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Microsoft defines DNS deployments as being split-brain when two different versions of a single zone exist on DNS servers. But how can you have traffic from one source pull records from one zone and another source from another zone? Starting with Windows Server 2016, Microsoft has added the ability to create DNS policies for split-brain deployments.
DNS servers can now evaluate DNS requests based on the configured policies. For example, if a request comes across a specific interface, it can be matched with a policy that associates the query with a certain zone.
If you have a DNS server with two interfaces, one with a public address and the other with a private address, your policies could be defined as follows:
- Private address > Intranet DNS policy > serves out the Intranet version of the website
- Public address > Internet DNS policy > serves out the Internet version of the website
Creating a new zone scope
The split-brain DNS solution uses what is called a zone scope. It can contain its own set of resource records, which are presented to the corresponding set of DNS clients based on IP subnets.
Like the DNS zone itself, the DNS zone scope is Active Directory-integrated, meaning they will be replicated to other Active Directory servers. To create a new DNS zone scope, use the following command:
Add-DnsServerZoneScope -ZoneName "<your Zone name>" -Name "<your Zone name>"
Since the default zone scope will be served to clients by default, we don't have to create two zone scopes but just one for external Internet users. We use the default zone scope for internal DNS queries.
Adding DNS records to DNS zone scopes
Now that we have an additional zone scope for external users, we need to assign records to both the external and internal zone scopes. You can do this using the following command:
Add-DnsServerResourceRecord -ZoneName "<zone name>" -A -Name "<record name>" ` -IPv4Address "<IP address>" -ZoneScope "<zone scope name>"
As you can see above, we are adding two versions of the same DNS record. The first record is added with the ZoneScope parameter, indicating to which Zone Scope the record belongs. The second record is added to the default zone scope since the ZoneScope parameter isn't used.
Tying a policy to the zone scope
Now, we need to create and apply a DNS policy to the server interface that we want to associate with a respective zone scope. Using the ServerInterface parameter, we tie the IP address assigned to the interface associated with the zone scope and the DNS zone it will serve. Note the example below:
Add-DnsServerQueryResolutionPolicy -Name "SplitBrainZonePolicy" -Action ALLOW ` -ServerInterface "eq,10.1.149.90" -ZoneScope "External,1" -ZoneName testzone.com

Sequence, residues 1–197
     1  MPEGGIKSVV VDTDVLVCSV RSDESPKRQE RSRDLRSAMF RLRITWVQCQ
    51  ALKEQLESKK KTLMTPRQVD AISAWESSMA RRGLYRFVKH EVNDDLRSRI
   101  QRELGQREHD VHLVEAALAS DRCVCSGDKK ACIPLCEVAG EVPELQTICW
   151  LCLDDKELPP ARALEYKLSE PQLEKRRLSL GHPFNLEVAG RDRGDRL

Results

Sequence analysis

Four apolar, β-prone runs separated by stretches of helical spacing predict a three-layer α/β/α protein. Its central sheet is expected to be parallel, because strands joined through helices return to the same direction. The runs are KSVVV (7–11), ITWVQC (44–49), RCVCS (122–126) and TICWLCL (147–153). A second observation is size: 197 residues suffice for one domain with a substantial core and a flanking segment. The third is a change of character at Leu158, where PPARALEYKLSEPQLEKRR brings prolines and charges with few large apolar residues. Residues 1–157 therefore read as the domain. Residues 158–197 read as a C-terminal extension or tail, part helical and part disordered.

Any DNS queries that traverse the server interface defined in the policy will be routed to the appropriate DNS zone scope and receive the associated records. All other queries that come across the other server interface will receive the records found in the other zone scope.
The leading "eq" in the ServerInterface parameter value stands for the equals operator. Alternatively, you can use "ne" for not equal. It is possible to combine both to refine the targeted interfaces:
operator, value01, value02, . . . ; operator, value03, value04, . . .
You can pass several zone scopes to the namesake parameter. The numerical value following the name specifies its respective weight.
Shortcomings of split-brain DNS
While the DNS zone and DNS zone scopes are Active Directory-integrated, the policies are not. This means that they are not replicated to other DNS servers. Instead, you will need to manually export DNS policies from one server to another and store these on each local DNS server.
Because the split-brain DNS policy requires Active Directory-integrated zones, external queries would have to be serviced by your Active Directory infrastructure. However, many organizations may view the external queries of their Active Directory DNS servers as a security risk.
The split-brain DNS deployment using DNS policy is an interesting capability found in Windows Server 2016 and higher. It allows organizations to consolidate their external and internal DNS infrastructure.
However, it is disappointing that the DNS policies are not Active Directory-integrated, like the DNS zones and zone scopes. Additionally, external queries of Active Directory DNS servers may not align with strict security policies for the DNS infrastructure.